Posted: Wednesday, November 5, 2008 9:34 pm
Dear Annie: I am a widower and recently got engaged to “Dyann.” We are planning on getting married soon, but a few things have me puzzled.
My wife-to-be told me she had been married and divorced. She had a child living with her who I thought was her only child. I’d been seeing her for a few months when I found out she had three other children who were living with their father. When I asked her why she hadn’t mentioned them, she said she didn’t like talking about that part of her life.
When we applied for a marriage license, Dyann put down that she’d been married twice before, not the one time I knew about. I also noticed she hadn’t been truthful about her age. I haven’t said anything about these falsehoods, but I think they’re odd.
Are these red flags I should be concerned about? — Confused
Dear Confused: Yes. Your fiancee is a liar. There may be understandable reasons for her fabrications, but she owes it to you to be completely honest before you make a legal commitment. You are going to be her husband. If she refuses to answer all your questions truthfully and to your satisfaction, it means she is hiding something from the person she plans to share her life with. This is no way to start a marriage.
Dear Annie: Four years ago, my grandfather died of a heart attack. At the time, he was married to his second wife, “Louise.” Louise took excellent care of him, but since the funeral, I have had no contact with her. I regret that.
Before my grandfather died, Louise created a picture collage of my grandfather standing next to his father, alongside all of Grandpa’s medals. I would like nothing more than to have that collage, but since I haven’t spoken to Louise for a good four years, it seems that asking for such an important memento would be terribly rude.
My husband says I was wrong to lose contact. My mother says I should write a nice letter to Louise and tell her what I want. Louise worked so hard to take care of my grandfather in his last days, and I don’t want to be disrespectful. Don’t you think it would be insulting if she suddenly got a letter from me asking for that collage after not communicating for so long? What should I do? — Loving Granddaughter
Dear Granddaughter: It wouldn’t hurt to reestablish contact with Louise whether you get the collage or not. Start by sending a letter. Ask Louise how she’s doing. Tell her you are sorry you lost touch after Grandpa died and hope you can remedy that. Follow up with a phone call to chat. Once you are speaking to each other again, it is perfectly OK to mention the collage, tell her how much you admire it and ask if she will make you a copy.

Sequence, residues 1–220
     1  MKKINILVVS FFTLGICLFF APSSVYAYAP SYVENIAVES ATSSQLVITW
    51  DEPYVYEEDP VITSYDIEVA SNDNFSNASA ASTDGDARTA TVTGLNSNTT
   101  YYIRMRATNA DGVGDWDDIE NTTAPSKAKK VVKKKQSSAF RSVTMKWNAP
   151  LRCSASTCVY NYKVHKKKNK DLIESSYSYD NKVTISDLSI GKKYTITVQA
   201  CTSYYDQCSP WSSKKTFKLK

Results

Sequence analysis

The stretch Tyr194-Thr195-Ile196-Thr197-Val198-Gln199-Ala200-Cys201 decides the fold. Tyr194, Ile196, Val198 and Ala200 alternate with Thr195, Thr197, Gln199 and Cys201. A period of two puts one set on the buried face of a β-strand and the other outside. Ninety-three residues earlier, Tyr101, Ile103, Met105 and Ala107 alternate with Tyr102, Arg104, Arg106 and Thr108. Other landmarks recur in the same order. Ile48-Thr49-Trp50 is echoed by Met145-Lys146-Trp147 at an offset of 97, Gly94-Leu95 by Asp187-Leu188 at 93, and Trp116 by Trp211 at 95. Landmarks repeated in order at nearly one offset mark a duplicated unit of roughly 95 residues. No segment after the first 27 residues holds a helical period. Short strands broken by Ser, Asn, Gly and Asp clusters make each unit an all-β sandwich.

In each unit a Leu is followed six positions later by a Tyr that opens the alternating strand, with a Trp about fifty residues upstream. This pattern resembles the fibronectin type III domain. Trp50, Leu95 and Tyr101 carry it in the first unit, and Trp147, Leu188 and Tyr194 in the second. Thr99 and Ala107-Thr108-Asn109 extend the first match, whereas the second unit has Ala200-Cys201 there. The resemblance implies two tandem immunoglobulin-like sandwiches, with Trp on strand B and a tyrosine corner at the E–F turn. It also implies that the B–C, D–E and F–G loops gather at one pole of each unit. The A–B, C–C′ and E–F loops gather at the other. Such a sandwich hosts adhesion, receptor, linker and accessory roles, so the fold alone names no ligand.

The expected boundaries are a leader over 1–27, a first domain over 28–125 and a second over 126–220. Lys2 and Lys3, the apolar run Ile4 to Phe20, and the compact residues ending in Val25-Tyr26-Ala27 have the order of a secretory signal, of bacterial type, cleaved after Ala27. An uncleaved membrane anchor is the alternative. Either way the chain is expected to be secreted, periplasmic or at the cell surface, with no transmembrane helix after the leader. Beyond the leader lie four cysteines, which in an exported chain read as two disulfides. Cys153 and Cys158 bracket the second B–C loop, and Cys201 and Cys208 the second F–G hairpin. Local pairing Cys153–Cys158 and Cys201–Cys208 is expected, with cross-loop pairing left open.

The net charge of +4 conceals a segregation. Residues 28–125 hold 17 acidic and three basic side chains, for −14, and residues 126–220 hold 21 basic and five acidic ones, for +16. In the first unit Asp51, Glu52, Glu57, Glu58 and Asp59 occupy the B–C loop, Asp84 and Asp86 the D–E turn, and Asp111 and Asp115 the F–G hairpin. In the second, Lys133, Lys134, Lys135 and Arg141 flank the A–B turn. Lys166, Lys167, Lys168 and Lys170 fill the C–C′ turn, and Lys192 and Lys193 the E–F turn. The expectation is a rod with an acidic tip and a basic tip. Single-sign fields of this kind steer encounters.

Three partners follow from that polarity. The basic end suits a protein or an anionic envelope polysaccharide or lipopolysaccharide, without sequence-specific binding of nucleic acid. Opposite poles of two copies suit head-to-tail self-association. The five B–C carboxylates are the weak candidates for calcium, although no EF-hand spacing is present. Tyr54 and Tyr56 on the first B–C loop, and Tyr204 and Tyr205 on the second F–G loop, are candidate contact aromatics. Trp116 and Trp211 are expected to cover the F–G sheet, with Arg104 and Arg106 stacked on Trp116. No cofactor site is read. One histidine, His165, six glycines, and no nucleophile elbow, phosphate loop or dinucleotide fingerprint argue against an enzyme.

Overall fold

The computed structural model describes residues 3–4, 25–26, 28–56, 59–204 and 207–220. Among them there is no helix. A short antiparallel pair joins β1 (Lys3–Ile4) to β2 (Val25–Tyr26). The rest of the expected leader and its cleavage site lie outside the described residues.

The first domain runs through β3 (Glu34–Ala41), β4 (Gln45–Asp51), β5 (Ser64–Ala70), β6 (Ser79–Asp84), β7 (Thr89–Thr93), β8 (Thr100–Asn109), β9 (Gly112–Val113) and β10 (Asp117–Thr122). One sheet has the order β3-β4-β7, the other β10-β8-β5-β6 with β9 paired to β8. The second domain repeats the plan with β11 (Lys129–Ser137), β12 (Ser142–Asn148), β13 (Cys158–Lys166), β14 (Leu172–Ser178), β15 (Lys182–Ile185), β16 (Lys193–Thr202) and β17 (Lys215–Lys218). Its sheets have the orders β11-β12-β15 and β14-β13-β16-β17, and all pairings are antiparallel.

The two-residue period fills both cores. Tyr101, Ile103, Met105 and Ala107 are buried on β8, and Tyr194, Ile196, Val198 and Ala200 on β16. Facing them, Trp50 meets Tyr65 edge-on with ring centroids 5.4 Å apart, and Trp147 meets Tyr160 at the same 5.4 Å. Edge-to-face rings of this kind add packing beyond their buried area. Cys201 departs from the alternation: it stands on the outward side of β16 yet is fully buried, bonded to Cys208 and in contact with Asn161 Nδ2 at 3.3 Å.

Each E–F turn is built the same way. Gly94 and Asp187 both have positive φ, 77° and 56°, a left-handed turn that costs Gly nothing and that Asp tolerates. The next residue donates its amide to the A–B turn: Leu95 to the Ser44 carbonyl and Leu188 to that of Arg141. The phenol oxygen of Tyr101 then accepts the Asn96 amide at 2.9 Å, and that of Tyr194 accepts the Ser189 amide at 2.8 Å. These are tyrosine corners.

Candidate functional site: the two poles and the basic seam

Dear Annie: “DPN” asked why men cheat, and you printed an entire column of responses from guys. I read in astonishment their excuses for having affairs. Are they for real?
I am in one of these marriages, and believe me, the real reasons we do not “put out” enough for our husbands is way more complicated than being “overweight” or “inattentive” or all the other hogwash. Men simply need to find a way to reconnect with their wives. Not whine, complain or cheat. But maybe that would be too much work for these poor fellows. They think marriage just takes care of itself and doesn’t require any effort on their part. — Michigan Corpse
Dear Michigan: You’re right that some men don’t want to do the necessary work to have a good marriage, but there are plenty of men who do — and whose wives still treat them poorly. Often, those problems can be fixed with counseling and communication, but, unfortunately, not always.
Annie’s Mailbox is written by Kathy Mitchell and Marcy Sugar, longtime editors of the Ann Landers column. Please e-mail your questions to email@example.com, or write to: Annie’s Mailbox, P.O. Box 118190, Chicago, IL 60611. To find out more about Annie’s Mailbox, and read features by other Creators Syndicate writers and cartoonists, visit the Creators Syndicate Web page at www.creators.com.